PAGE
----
Leading women in British business, including the chief executive of Lloyd’s of London, Inga Beale, have been recognised in the New Year honours list.

Beale has been made a dame, while there are CBEs for the designer Anya Hindmarch, Rosaleen Blair, the founder of headhunting company Alexander Mann Solutions, and Justine Roberts, the co-founder of Mumsnet.

Beale, 53, said she was “incredibly proud of the work that we [Lloyd’s] are doing to encourage diversity”.

She became chief executive of the insurance market in 2014, becoming the first woman to hold the position in Lloyd’s 328-year history. In 2015, Beale became the first woman and bisexual person to top the annual power list of the world’s leading 100 LGBT executives.

“Lloyd’s represents so much of what is good about British business and the insurance sector in particular,” Beale said. “This honour is a reflection of the work and commitment of everyone who works within the Lloyd’s market, enabling others to take risks that enable society to progress.

“I am also incredibly proud of the work that we are doing to encourage diversity. When I think back to what the workplace was like 30 years ago, we have come a long way on our journey to become a truly modern, global and inclusive sector.”

Robert said the honour was recognition for Mumsnet, the parenting website she co-founded in 2000, as a whole. “It’s a lovely thing to get a gong, and I’m chuffed to bits,” she said.

“But in truth it’s recognition of the energy and commitment that very many people, from our users to our staff, have put into making the rather simple idea of a forum where parents can swap information and advice into a living, breathing community that’s still very much alive and kicking 17 years after its inception.”

Other business leaders to be honoured include Ian Powell, the former chairman of the PwC accountancy firm, who receives a knighthood. Powell stepped down from the post in the summer and will become chairman of outsourcing group Capita on 1 January. There is also a knighthood for John Campbell, the co-founder of egg producer Glenrath Farms.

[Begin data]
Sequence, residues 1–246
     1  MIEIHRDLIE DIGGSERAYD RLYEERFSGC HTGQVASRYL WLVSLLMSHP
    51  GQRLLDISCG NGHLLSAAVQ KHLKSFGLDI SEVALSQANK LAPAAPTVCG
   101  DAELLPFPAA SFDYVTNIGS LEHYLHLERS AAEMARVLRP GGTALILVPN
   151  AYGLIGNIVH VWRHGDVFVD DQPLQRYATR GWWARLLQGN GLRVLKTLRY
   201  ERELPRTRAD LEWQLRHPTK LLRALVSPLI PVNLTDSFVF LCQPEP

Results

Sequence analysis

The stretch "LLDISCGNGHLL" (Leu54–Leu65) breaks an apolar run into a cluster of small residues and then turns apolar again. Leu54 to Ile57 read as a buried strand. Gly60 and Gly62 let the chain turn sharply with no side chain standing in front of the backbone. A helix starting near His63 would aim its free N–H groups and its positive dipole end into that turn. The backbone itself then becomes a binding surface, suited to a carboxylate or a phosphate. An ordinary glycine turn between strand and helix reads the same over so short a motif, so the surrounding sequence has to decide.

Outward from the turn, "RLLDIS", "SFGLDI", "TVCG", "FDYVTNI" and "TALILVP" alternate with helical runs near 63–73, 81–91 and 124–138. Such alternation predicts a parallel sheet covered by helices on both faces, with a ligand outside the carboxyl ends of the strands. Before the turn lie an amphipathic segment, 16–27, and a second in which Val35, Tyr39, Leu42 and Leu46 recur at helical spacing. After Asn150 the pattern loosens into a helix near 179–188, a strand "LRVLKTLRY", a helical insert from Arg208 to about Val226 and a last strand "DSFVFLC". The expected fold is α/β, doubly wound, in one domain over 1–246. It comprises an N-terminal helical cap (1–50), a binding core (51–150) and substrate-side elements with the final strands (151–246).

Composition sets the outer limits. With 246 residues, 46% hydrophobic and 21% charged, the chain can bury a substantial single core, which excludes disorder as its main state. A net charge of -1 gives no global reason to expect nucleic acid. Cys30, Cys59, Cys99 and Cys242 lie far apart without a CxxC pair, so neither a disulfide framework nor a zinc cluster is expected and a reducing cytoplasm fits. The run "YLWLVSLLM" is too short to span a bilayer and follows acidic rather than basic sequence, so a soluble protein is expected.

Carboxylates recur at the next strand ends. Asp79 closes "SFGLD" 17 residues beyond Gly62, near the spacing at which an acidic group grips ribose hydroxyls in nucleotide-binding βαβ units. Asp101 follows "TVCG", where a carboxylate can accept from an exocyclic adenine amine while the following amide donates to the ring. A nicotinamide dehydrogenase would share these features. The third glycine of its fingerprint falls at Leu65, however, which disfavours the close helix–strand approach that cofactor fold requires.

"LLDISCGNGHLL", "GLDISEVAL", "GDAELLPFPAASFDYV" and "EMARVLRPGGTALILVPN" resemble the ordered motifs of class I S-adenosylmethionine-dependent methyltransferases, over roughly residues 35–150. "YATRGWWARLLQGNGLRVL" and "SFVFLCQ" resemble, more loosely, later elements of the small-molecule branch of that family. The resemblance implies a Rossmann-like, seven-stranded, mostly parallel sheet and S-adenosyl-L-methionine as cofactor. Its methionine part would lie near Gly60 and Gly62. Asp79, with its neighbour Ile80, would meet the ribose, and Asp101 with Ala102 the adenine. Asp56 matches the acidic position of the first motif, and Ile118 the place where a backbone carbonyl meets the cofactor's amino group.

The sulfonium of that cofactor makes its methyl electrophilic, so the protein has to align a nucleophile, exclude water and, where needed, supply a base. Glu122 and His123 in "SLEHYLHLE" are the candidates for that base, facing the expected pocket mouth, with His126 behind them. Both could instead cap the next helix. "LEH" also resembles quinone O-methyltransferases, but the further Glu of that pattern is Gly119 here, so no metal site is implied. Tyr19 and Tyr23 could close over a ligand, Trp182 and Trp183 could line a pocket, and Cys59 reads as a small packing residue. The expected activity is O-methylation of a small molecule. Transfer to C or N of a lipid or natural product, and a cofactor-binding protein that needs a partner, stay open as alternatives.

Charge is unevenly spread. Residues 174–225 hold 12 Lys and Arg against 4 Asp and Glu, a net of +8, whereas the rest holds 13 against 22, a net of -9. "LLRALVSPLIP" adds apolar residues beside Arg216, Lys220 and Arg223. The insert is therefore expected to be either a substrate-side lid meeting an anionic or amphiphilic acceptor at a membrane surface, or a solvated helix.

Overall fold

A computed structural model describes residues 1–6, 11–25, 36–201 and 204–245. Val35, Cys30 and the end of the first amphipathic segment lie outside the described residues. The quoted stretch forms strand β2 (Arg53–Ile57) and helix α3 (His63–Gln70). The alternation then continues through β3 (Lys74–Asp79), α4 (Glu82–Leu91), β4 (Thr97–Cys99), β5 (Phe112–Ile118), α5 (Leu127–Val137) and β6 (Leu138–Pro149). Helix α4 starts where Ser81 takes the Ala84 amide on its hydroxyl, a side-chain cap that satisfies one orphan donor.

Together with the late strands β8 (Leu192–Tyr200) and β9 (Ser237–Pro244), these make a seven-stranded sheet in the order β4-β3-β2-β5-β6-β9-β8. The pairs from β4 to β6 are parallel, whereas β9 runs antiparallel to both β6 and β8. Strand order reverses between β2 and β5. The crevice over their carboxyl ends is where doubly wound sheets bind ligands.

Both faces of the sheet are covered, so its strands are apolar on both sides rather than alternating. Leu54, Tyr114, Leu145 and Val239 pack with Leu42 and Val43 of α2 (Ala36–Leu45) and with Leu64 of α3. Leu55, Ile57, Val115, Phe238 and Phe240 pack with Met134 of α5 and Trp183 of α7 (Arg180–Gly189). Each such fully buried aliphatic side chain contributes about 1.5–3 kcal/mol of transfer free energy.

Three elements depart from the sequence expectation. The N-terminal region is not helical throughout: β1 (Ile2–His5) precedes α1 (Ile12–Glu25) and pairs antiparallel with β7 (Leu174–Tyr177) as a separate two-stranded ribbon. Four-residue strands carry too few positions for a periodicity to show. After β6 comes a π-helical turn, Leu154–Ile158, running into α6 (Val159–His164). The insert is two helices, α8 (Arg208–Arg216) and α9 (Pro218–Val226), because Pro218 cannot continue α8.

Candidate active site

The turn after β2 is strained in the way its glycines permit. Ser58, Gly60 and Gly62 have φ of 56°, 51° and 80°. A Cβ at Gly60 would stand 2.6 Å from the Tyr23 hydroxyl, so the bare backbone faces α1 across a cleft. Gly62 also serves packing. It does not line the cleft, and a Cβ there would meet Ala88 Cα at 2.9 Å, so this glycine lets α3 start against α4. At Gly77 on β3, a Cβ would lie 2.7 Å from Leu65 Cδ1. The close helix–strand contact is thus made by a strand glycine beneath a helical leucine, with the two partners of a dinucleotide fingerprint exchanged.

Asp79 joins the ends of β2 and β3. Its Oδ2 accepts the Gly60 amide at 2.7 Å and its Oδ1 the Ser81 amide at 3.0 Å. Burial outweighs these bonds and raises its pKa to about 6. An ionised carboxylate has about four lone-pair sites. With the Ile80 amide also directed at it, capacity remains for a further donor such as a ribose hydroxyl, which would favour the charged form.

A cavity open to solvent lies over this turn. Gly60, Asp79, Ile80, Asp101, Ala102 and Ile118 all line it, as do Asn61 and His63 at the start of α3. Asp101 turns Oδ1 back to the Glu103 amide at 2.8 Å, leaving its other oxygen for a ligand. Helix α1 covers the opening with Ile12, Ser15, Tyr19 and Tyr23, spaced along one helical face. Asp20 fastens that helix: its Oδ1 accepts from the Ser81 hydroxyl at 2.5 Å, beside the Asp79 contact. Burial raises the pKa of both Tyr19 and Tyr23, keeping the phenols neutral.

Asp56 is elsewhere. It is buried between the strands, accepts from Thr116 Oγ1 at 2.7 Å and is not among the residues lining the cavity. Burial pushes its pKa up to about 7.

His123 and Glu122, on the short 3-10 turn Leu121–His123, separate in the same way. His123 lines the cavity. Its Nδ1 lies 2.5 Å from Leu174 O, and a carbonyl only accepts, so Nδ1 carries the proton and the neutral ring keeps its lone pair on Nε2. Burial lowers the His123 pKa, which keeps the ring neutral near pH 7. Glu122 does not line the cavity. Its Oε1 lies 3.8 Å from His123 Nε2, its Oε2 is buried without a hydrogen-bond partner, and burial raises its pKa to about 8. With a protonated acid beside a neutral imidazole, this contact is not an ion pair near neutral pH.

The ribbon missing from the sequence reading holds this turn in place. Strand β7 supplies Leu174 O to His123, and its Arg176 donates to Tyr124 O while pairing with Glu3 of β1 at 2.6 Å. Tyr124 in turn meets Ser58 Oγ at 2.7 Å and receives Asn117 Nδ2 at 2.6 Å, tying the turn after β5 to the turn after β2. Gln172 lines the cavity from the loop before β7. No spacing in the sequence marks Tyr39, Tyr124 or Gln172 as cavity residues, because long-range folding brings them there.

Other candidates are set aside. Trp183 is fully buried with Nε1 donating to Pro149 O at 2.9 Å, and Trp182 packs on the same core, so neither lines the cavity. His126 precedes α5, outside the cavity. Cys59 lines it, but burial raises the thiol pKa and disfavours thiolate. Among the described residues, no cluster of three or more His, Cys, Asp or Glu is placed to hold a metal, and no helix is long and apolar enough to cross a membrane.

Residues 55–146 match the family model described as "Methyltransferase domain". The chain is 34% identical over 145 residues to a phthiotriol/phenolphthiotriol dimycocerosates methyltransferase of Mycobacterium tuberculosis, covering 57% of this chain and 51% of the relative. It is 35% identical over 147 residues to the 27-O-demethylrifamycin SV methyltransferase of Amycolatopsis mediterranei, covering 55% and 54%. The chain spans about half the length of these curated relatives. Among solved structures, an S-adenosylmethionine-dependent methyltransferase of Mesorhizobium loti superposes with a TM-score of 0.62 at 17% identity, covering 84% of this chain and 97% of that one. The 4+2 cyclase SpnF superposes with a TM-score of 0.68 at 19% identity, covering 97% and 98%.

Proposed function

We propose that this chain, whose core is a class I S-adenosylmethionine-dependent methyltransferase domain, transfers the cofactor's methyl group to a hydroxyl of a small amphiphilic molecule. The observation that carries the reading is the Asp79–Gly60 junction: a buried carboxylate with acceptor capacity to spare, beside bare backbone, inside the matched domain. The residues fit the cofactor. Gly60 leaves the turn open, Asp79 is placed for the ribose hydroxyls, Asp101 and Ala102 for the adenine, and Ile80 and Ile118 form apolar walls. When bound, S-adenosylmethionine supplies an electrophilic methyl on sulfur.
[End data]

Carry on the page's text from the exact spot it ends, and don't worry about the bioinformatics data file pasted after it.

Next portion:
The former chairman of House of Fraser Don McCarthy has been awarded a CBE for services to business and philanthropy, while Jeremy Sinclair, the chairman of ad agency M&C Saatchi, is recognised for services to advertising.

Simon Walker, the outgoing director general of the Institute of Directors, collects a CBE. Walker described Sports Direct as a “scar on British business” after a Guardian investigation exposed working practices at the company.

Barbara Judge, the chairman of the Institute of Directors, praised Walker and the women who received honours.

“Simon deserves warm congratulations for this well-deserved honour. He has been a tireless champion of good businesses, but has also not been afraid to call out poor practice and corporate governance failings where he sees them,” she said.

“It has been a privilege to work alongside him. He has shown the type of business leadership that we are going to need more of over the next few years, as the UK’s relationship with the rest of the world shifts.

“I am very pleased that some outstanding women are being recognised for their achievements. Seeing female entrepreneurs like Anya Hindmarch awarded honours will act as a spur to other women to set up their own companies. Inga Beale also deserves congratulations for rising to the top of such a historically male-dominated industry.”

Figures linked to industry and the economy make up 11% of the new honours list, with women comprising just over 50% of the total list.

Hazel Moore, the chairman and co-founder of investment bank First Capital, gets an OBE, and Nick Jones, the founder of private members’ clubs group Soho House, receives an MBE.

There is also an MBE for the entrepreneur who set up a successful sandwich chain that helps homeless people.

Josh Littlejohn, the co-founder of Social Bite, said: “I’m honoured to receive this award in recognition for my work with Social Bite.

“I would like to dedicate it to the hundreds of homeless people Social Bite works with in Scotland who are marginalised from society and have no stake in the economic system.

“I’m relatively young, but I hope to dedicate the rest of my working life to helping people who have been excluded from the system.

“By working alongside the amazing Social Bite team – and other charities – I hope I can play my part in eradicating homelessness from Scotland and spread the social enterprise business model further afield.”

This article was written by Graham Ruddick, for The Guardian on Friday 30th December 2016 22.30 Europe/London

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